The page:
Louisa May Alcott, Edith Wharton, and the Spirit of Modern Consumerism
Publication Year: 2013
Placing both novels at the historical intersection of modern consumer culture and older religious discourses on materialism and identity, Sarah Way Sherman analyzes how Alcott and Wharton rework traditional Protestant discourses to interpret their heroines' struggle with modern consumerism. Her conclusion reveals how Little Women's optimism, still buoyed by otherworldly justice, providential interventions, and the notion of essential identity, ultimately gives way to the much darker vision of modern materialistic culture in The House of Mirth.
Published by: University of New Hampshire Press
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Title Page, Copyright Page
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This study began with a grant from my unh English Department chair, the late Michael DePorte, to purchase books on consumer culture; they opened a whole new field of research to me. I am profoundly grateful for Mike’s recognition of this project’s promise and his faith in my ability to carry it through to the end. I am also grateful for the generous support of my unh colleagues, especially ...
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...sacrament, n. 1. Eccles. a. a visible sign of an inward grace. b. a visible sign instituted by Jesus Christ to symbolize or confer grace.a primitive mentality . . . based on a belief in the omnipotence of thoughts (though what we have in this case is a belief in the In Childe Hassam’s 1893 painting, “Street Scene, Christmas Morning,” a lovely ...
1 | Raising Virtuous Shoppers
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...“Christmas won’t be Christmas without any presents,” complains Jo March in Little Women’s famous opening line. Her older sister Meg follows with a sim-ilar lament: “It’s dreadful to be poor!” And the youngest sister Amy, with “an injured sniff,” chimes in, “I don’t think it’s fair for some girls to have lots of pretty things, and other girls nothing at all.” Only the third daughter, Beth, re-...
2 | Lily Bart and the Pursuit of Happiness
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Edith Wharton, who noted that she read the “great Louisa” as a child, often as-serted her break from the domestic women’s tradition that Alcott represented.1 However, Wharton’s 1905 bestseller, The House of Mirth,2 nonetheless reveals a hidden affiliation with Little Women, one with its origins in Wharton’s dis-avowed identification with the earlier novel’s characters as well as her preoccu-...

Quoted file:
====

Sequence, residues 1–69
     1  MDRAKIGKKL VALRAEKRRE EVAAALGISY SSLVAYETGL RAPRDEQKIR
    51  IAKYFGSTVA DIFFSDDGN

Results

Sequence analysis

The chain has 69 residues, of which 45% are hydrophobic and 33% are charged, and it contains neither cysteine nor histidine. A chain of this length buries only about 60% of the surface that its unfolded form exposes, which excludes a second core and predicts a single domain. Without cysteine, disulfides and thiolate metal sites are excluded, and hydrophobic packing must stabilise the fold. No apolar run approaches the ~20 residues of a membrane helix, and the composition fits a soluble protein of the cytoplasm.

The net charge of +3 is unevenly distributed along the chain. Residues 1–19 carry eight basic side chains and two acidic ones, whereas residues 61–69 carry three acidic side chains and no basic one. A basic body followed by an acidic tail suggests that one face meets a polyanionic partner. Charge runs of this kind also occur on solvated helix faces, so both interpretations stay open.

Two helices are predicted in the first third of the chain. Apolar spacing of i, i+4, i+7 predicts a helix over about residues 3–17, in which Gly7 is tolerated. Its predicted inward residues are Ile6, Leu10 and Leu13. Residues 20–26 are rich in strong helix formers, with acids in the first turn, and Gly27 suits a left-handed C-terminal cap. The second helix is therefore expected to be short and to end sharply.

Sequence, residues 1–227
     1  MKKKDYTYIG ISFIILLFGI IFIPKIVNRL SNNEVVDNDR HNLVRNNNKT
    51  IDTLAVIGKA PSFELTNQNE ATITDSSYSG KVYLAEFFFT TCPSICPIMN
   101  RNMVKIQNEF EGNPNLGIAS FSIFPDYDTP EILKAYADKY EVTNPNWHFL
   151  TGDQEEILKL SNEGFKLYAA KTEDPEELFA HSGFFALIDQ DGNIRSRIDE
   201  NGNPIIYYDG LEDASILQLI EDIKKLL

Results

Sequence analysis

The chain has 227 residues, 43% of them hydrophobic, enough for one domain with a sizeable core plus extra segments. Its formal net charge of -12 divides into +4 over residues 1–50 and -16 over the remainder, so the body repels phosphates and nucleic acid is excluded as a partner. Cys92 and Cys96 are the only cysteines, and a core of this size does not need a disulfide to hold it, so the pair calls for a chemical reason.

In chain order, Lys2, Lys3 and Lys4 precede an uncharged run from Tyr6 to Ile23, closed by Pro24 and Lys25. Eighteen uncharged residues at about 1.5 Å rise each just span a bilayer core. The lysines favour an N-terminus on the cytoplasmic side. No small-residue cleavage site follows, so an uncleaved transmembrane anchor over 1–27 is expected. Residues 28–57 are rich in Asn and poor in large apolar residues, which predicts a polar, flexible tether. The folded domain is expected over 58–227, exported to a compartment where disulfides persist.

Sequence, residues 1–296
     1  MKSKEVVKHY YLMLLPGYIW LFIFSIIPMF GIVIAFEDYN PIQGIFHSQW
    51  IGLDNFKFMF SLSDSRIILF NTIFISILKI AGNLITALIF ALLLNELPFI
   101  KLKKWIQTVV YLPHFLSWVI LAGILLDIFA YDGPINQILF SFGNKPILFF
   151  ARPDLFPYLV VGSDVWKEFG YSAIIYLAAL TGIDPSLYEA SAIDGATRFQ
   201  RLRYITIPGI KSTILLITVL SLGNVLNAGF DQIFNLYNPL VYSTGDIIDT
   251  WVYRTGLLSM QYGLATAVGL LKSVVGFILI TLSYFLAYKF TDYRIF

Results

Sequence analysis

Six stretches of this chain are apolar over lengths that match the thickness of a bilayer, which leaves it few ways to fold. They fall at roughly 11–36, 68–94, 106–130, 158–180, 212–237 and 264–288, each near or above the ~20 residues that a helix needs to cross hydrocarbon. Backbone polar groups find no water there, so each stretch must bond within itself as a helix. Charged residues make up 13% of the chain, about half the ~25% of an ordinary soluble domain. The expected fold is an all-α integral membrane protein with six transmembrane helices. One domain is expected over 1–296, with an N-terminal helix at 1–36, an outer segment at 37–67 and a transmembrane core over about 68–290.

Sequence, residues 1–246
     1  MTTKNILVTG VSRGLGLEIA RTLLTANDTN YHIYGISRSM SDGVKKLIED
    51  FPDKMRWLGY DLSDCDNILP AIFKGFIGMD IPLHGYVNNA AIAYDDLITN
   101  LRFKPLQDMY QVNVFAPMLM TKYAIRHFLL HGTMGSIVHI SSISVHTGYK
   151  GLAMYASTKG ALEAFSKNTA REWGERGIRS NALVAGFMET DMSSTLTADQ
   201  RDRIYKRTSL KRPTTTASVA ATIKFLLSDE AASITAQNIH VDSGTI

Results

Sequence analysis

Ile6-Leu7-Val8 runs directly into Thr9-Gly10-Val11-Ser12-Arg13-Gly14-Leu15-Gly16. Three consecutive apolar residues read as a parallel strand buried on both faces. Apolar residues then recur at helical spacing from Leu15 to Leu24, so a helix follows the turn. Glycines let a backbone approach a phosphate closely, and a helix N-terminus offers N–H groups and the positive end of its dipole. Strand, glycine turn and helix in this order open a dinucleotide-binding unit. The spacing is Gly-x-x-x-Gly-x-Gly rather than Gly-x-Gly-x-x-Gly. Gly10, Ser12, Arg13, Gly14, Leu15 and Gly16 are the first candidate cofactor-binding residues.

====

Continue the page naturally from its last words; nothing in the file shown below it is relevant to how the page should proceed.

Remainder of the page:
3 | Lily at the Crossroads
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Given Lily’s character, it might be surprising to find her on that Sunday morn-ing at Bellomont fully intending to attend church. She has selected a gray dress of the properly devotional cut and even asked her hostess for a prayer book to bring with her, along with the two Trenor daughters, who have agreed to drag themselves from their slumbers to keep her company. The mystery is solved, ...
4 | Smart Jews and Failed Protestants
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Book 2, like book 1, opens with Lawrence Selden turning his gaze on Lily Bart. Now the setting is the French Riviera, where Lily has traveled under the patron-age of the Dorsets on their expensive steam yacht. While Selden sees that Lily’s beauty is intact, he senses that the wayward impulses that had briefly opened her nature to his influence have been put rigidly “under the control of the state.” ...
5 | Lily in the Valley of the Shadow
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This chapter turns to an analysis of the final scenes of The House of Mirth where we see a growing self-awareness and interiority in Lily — an awareness of her weaknesses as well as her failed aspirations. However, the novel also unspar-ingly portrays Lily’s continuing inability to “live with her thoughts.” As a re-sult of this inability, her self-awareness, rather than prompting a clearer sense ...
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Page Count: 336
Publication Year: 2013
Series Title: Becoming Modern: New Nineteenth-Century Studies